I tell her mom, I want her to sleep with me. She warns that she doesn’t sleep through the night. I laugh. I’m ready for this I say confidently to not betray my inner doubts. Since it’s my first time meeting her and her last night visiting at my mom’s, I know I need to seize the opportunity. I want to seal the bond even more. I, the cynic, decide to share a bed with a baby not quite a newborn, but also not quite my preferred kindergarten-aged children with whom I can carry on conversations. A baby in the in-between stage of developing her identity. But this one is different because she is mine.
I watch as she stirs every so often and mumbles in her sleep. I want to arrange her head more comfortably on the pillow but I am scared to wake her. I just pray she is comfortable and sleeping well.
She is beautiful. She is mine. I am fiercely attached to her and it’s only been six hours since meeting her.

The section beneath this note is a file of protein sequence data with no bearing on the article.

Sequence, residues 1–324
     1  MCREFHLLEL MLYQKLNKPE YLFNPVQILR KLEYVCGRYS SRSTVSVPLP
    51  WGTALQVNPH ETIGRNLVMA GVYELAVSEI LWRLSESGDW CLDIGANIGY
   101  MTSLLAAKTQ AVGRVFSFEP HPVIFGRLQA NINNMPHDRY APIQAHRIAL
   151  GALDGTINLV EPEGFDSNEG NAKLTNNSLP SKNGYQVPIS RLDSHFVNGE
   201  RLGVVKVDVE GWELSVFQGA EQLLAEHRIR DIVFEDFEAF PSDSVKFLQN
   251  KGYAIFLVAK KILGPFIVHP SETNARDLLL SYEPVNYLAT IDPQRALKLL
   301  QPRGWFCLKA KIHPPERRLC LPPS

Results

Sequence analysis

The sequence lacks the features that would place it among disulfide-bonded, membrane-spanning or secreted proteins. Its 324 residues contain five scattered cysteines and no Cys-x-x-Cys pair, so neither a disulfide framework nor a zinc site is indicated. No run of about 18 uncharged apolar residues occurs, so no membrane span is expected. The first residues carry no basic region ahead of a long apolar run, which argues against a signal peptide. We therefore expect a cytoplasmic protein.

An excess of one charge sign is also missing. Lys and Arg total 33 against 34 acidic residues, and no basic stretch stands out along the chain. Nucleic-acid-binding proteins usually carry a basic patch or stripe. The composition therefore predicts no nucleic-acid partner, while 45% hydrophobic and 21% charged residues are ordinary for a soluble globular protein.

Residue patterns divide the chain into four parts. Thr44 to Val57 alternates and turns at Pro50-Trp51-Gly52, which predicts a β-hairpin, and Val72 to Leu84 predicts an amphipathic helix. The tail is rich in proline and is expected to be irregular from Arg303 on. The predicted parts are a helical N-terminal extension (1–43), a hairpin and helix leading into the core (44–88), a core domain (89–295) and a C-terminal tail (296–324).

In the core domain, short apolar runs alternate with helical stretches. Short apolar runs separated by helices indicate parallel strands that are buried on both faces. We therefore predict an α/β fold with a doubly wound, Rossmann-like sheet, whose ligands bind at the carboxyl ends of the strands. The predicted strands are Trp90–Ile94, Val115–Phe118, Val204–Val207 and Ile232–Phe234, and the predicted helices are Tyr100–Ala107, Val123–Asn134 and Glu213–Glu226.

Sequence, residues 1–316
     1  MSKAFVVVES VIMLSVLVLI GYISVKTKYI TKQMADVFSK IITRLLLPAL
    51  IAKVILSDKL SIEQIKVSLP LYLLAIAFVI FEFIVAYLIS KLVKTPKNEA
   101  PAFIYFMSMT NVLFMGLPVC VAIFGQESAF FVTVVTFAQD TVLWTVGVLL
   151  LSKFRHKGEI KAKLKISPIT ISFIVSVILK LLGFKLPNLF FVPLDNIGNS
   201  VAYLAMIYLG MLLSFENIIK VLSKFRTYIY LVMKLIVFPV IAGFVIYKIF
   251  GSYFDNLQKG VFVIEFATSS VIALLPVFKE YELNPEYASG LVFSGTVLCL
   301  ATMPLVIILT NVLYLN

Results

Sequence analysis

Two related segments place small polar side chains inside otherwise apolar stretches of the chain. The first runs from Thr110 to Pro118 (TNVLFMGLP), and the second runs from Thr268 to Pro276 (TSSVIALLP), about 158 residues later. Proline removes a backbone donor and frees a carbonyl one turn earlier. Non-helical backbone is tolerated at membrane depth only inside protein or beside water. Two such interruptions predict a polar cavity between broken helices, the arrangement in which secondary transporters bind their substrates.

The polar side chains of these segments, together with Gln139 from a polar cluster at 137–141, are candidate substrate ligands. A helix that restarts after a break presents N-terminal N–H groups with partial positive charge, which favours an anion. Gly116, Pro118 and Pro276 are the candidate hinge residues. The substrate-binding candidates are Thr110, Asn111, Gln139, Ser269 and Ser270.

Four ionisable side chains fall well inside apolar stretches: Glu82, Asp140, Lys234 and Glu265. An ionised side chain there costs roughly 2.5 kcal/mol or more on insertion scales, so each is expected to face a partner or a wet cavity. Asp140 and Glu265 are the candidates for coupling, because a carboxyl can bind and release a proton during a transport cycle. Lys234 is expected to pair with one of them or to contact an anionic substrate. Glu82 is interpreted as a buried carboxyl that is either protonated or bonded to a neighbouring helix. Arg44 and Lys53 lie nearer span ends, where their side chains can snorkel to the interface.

(PS. She did wake up screaming for her mother around 2 am. I was petrified thinking it was something I’d done. Her mother came to claim her. I tried to go back to sleep, but thoughts of what had just transpired got me out to bed to write. What you have read is the product of my 2am epiphany.)
(PSS. I chose to make this my first post of the New Year because I hope to spend more time with Kuku (she is my namesake too!) as soon as I have the chance. To love her is my New Year’s Resolution. To be a better lover and protector to those I am in relationship with, but especially to those who have no way of immediately reciprocating this gesture, is my NYR.)
Afehyia Pa o! Afe si sei d3m na wo p3 nyina ay3 hƆ
Afi o Afi. Afi be n3 nƆ f33 nƆ ni ka otwi nƆ eba min
Hapy New Year. A year from today, may all your wishes have come true (loosely translated)
Basically you say Happy New Year then you say, “a year from now ________(fill in the blank with whatever you wish to personalize it)